Fracture of ceramic hip joint bearing components was an issue in the early years after the introduction of ceramics as a bearing material. Fracture rates varied greatly between different sources and ranged from 0.004% to 1.7%.1–5 Today rates are even lower for the latest composite ceramics (third-generation materials), which have improved material characteristics.6–8 Current cross-sectional failure rates can be found in the arthroplasty registers: of 8639 hip revision procedures in England and Wales, a fractured liner (including polyethylene) was the indication for revision in 103 cases (1% of revisions) and fracture of the head was the indication in 27 cases (<1%).9 The rates from Australia are even lower: fracture of the head accounts for 0.3% of all revisions and fracture of the acetabular liner (including polyethylene) accounts for 0.5%.10 These fractures occur, but the rates are very low. Almost all of these revisions are documented for second-generation ceramics (eg, Biolox Forte, Ceramtec, Plochingen, Germany). Isolated fractures of liners and 1 head failure have been reported for third-generation composite ceramics.11–14 This report documents a new failure mechanism observed in a third-generation composite ceramic head without fracture.

Case Report

A 29-year-old man (height, 1.85 m; weight, 85 kg) was involved in a car accident in November 2011. He had polytrauma with a displaced fracture of the neck of the left femur, fracture of the distal right femur, a dislocated left talus fracture, and a fractured left clavicle. He was treated with a left total hip arthroplasty using a size 3 standard offset uncemented titanium Summit stem (DePuy Orthopaedics, Warsaw, Indiana), a 52-mm Pinnacle 300 cup (DePuy Orthopaedics) with a 36-mm Delta (third-generation) ceramic liner (DePuy Orthopaedics), and a 36-mm +1.5 Delta ceramic head (DePuy Orthopaedics). He also received a retrograde nail in the right femur. The fractured clavicle and talus were treated with open reduction and internal fixation. He was admitted to the hospital for 6 weeks before discharge. Ten months after the original surgery, he presented to a different institution with shortening of the right leg as well as pain and stiffness of the left ankle. The left hip was asymptomatic. Clinically, 2-cm shortening of the right leg and a stiff, painful left ankle were noted. The left hip showed a good range of motion without pain. No noises were observed to emanate from the left hip. Radiographs obtained after primary surgery showed a tilted unseated ceramic liner (Figure 1; cup inclination/anteversion, 33°/8°; liner, 40°/9°; estimated with IMATRI software [Denmyd Medical Equipment, Johannesburg, South Africa]).15,16 Radiographs obtained on presentation showed a fractured ceramic liner with 2 main fragments (Figure 1).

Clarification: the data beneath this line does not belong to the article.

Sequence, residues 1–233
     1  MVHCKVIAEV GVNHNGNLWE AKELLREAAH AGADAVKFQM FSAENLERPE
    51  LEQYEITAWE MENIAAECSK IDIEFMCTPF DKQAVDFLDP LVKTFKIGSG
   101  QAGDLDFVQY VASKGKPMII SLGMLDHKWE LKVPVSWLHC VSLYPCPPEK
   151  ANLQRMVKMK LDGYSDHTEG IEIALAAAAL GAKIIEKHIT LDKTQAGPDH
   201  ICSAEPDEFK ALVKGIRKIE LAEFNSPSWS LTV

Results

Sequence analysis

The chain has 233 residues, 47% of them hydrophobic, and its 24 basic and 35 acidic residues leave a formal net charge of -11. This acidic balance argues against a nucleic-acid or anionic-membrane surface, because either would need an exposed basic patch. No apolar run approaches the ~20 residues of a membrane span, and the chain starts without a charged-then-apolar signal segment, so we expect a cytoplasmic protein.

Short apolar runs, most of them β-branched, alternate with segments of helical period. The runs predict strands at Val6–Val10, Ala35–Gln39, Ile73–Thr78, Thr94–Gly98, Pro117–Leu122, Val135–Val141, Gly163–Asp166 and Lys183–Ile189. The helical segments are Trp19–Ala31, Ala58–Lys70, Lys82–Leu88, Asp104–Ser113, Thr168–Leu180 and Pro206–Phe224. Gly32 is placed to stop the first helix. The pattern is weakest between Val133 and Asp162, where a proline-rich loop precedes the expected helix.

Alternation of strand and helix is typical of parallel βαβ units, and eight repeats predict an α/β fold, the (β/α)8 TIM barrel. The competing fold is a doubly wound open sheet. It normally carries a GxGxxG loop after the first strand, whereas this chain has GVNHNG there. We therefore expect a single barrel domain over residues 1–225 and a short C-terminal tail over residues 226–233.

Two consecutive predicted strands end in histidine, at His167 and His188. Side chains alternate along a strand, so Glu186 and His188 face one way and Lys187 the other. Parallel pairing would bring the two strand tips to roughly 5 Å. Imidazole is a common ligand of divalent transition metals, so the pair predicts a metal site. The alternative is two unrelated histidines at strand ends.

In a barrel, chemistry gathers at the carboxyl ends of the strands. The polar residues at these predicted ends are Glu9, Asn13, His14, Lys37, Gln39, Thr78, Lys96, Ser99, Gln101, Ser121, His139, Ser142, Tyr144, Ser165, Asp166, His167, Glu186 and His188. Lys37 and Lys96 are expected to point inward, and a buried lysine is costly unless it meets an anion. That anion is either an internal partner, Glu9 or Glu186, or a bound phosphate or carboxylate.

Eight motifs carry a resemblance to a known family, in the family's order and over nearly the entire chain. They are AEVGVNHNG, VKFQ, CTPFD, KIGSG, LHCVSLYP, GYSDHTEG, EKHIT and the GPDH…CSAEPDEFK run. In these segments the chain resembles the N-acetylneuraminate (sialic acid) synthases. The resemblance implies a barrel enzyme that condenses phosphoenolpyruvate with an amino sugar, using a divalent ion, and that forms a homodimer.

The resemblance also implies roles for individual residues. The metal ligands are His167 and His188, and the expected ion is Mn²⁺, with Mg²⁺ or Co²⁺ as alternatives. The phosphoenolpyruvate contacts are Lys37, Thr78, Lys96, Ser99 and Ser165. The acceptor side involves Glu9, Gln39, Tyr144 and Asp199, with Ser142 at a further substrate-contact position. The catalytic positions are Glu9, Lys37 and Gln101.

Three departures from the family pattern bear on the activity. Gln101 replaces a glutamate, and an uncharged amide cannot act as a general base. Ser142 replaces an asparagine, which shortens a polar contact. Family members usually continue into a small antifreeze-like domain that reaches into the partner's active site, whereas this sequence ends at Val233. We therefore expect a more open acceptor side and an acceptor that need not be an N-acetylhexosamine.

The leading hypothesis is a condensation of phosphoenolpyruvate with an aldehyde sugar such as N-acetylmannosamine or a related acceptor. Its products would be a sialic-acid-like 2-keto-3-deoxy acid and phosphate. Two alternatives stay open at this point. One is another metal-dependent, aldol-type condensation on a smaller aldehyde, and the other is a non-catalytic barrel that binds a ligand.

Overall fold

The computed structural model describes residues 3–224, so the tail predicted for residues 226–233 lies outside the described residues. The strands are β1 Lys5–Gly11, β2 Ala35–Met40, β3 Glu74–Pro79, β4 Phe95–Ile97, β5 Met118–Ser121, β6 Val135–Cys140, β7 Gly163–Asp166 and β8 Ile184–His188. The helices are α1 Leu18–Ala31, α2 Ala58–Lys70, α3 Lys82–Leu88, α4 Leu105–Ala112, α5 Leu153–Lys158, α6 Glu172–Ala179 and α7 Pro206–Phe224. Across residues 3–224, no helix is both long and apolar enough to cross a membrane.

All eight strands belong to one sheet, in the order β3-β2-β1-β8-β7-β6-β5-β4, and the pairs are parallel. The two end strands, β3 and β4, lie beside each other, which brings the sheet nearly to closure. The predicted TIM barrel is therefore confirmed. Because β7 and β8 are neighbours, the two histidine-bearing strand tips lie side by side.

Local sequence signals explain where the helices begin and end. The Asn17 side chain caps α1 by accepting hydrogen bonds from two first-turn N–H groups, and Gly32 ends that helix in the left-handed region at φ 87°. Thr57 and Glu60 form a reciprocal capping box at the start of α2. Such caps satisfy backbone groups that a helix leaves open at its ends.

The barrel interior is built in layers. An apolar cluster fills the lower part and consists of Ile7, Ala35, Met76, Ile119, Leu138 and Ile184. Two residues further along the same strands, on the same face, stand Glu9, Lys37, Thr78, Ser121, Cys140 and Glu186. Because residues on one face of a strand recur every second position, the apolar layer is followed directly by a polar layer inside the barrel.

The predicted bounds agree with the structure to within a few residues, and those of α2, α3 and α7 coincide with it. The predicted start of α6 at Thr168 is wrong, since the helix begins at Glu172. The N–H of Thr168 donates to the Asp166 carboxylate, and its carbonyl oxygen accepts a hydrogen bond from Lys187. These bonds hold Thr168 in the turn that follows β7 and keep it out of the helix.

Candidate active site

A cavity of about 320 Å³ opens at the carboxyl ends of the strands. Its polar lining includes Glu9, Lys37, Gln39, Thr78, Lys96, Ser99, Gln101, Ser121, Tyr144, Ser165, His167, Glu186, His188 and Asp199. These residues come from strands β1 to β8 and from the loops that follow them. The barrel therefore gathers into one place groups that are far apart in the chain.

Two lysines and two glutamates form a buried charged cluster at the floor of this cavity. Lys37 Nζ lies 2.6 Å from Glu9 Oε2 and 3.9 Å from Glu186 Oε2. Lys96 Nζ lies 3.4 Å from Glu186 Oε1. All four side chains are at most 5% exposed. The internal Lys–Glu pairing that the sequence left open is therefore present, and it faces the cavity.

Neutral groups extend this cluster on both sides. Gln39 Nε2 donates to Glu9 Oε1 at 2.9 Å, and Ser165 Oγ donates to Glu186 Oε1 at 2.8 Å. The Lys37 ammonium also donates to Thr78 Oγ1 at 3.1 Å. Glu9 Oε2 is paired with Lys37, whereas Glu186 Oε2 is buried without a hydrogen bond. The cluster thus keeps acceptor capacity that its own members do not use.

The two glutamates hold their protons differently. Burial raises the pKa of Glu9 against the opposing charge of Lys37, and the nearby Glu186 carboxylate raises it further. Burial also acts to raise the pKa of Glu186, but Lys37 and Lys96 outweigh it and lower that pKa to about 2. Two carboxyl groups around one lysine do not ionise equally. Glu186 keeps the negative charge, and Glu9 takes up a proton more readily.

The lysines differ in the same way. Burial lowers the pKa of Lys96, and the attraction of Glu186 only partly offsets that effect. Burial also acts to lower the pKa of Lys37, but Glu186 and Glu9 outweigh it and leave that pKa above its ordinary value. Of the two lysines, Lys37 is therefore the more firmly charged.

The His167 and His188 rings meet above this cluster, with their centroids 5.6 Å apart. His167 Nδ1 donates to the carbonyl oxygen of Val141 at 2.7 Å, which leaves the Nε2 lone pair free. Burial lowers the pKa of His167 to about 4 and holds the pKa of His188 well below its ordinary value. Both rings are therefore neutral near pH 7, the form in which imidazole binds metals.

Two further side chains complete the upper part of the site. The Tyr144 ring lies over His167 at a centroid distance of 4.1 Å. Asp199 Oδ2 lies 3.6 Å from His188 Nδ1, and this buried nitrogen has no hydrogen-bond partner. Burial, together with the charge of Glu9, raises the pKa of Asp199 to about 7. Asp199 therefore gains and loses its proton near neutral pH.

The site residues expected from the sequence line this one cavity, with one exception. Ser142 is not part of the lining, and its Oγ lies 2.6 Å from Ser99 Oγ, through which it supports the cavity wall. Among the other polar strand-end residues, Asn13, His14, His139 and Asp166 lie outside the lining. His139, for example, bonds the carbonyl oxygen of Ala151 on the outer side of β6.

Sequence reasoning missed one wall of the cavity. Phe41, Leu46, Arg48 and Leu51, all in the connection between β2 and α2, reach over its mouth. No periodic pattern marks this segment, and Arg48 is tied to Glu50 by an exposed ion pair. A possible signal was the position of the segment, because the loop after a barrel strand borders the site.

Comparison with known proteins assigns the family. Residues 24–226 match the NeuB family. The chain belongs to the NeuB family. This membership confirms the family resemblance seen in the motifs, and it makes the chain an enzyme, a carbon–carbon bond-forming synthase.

Direct postoperative anteroposterior radiograph showing the tilted ceramic liner (arrow). The estimated positions of the cup (green) and liner (red) are shown in the inset (A). Anteroposterior radiograph (shown inverted) 10 months postoperatively before revision. The 2 main pieces of the broken liner are indicated (arrows; B).

Figure 1:

Direct postoperative anteroposterior radiograph showing the tilted ceramic liner (arrow). The estimated positions of the cup (green) and liner (red) are shown in the inset (A). Anteroposterior radiograph (shown inverted) 10 months postoperatively before revision. The 2 main pieces of the broken liner are indicated (arrows; B).

At surgery, massive metallosis was noted in the tissues. After opening of the joint capsule, 2 large ceramic liner pieces and a few small ceramic fragments were found. Major wear of the ceramic head was also noted (Figure 2). The cup and stem components were well fixed and were left in situ. After thorough debridement, the ceramic liner was replaced with a similar liner and the head was replaced with an option head (Delta ceramic head with a titanium adapter for damaged stem tapers). After surgery, the patient progressed well and was discharged on postoperative day 3.

Intraoperative findings during revision (A). Retrieved components at revision. The 3 areas of the head analyzed with radiographic diffraction are indicated: a, intact; b, minor; and c, major (B). The 2 main liner fragments with the straight fracture line (C).

Figure 2:

Intraoperative findings during revision (A). Retrieved components at revision. The 3 areas of the head analyzed with radiographic diffraction are indicated: a, intact; b, minor; and c, major (B). The 2 main liner fragments with the straight fracture line (C).

Materials and Methods